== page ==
BY BLESSED MHLANGA
Karo Platinum, which has mining concessions along the Great Dyke, is still unsure of the viability of its much-touted US$4,2 billion project, with exploration works still ongoing.
Zimbabwe has the second largest platinum deposits in the world after South Africa and hopes to resurrect its economy by attracting mining investments.
The Karo project was launched last year by President Emmerson Mnangagwa, but mine geologist Stony Steenkamp yesterday said after drilling neatly 18km of samples, he could not as yet tell if the concession had enough resources for the envisaged huge platinum project.
“Were expect to finish exploration by end of year and then we can have a resource upon which we can hopefully do a mine design that would lead to an actual development of a mine,” he said.
“I can’t guarantee what is in the ground. That is the purpose of the exploration process, to scientifically determine exactly what mineralisation is in the ground, what it is that can be economically mined. Therefore, I can’t guarantee you because I can’t see what is in the ground.”
Karo Platinum, a unit of London Stock Exchange-listed Tharisa plc, says it has so far invested US$8 million for the first stage of the exploration work, employing up to 200 people and would provide jobs to 25 000 people once the mine is operational.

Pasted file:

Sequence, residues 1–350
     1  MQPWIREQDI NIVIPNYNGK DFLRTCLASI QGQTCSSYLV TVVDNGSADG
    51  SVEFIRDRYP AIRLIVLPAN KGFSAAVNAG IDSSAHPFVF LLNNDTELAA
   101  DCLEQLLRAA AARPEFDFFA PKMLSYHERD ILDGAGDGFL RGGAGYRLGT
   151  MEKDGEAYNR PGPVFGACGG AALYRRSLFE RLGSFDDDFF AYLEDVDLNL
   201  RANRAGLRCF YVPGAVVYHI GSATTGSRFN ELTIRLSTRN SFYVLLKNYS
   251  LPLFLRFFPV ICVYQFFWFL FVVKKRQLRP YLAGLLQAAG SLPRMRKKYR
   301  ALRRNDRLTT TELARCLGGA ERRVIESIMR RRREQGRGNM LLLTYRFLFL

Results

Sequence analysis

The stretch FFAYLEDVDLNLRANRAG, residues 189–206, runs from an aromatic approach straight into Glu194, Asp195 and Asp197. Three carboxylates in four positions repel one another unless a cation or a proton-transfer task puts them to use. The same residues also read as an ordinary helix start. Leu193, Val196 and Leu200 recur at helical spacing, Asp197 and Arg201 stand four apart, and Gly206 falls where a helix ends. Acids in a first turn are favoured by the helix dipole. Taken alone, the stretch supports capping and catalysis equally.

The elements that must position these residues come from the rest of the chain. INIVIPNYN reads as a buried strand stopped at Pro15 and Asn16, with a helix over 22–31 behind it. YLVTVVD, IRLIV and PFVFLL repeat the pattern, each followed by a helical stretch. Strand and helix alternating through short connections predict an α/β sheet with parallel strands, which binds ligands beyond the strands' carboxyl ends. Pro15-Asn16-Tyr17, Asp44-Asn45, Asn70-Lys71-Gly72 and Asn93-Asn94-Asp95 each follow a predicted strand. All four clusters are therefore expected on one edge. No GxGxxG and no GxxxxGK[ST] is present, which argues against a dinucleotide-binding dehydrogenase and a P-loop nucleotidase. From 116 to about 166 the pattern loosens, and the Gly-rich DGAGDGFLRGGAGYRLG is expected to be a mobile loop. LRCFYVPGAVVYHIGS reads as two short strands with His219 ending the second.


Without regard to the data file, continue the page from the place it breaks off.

Steenkamp said the company was positive the mine would be a big project given the historical data, although they needed to complete the exploration for them to be sure.
“From what we know, from the neighbours from both sides of us, from initial information we have got, we are very positive we will become a big mine. In order to gain confidence worth investors providing money for this work, we need to quantify it and that is the process where we are,” she said.
Mnangagwa was yesterday upbeat after assessing the progress at the mine, saying Karo would contribute in excess of $5 billion to the national fiscus by 2020 and has the capacity to be bigger than the largest platinum miners Zimplats, Unki and Mimosa combined.
“When we reach the final development stage, its size will be bigger than what we already have in terms of platinum production in the country, Zimplats here in Ngezi, Unki Shurugwi and Mimosa Zvishavane, all those three put together are smaller than this project,” he said.
“In terms of employment, last time we estimated that this project at the final end, it will be employing around.
15 000, but now, the estimate is around 25 000 people directly employed by this project and at full production, they will be adding to the GDP [gross domestic product] about $5 billion a year. Such are the projects which are called mega projects and very successful.
“Our media were already talking negatively about this project, saying that we had a groundbreaking ceremony, but there is nothing that is happening and President Mnangagwa talks of major projects, there is nothing of that sort, so I think they should apologise.”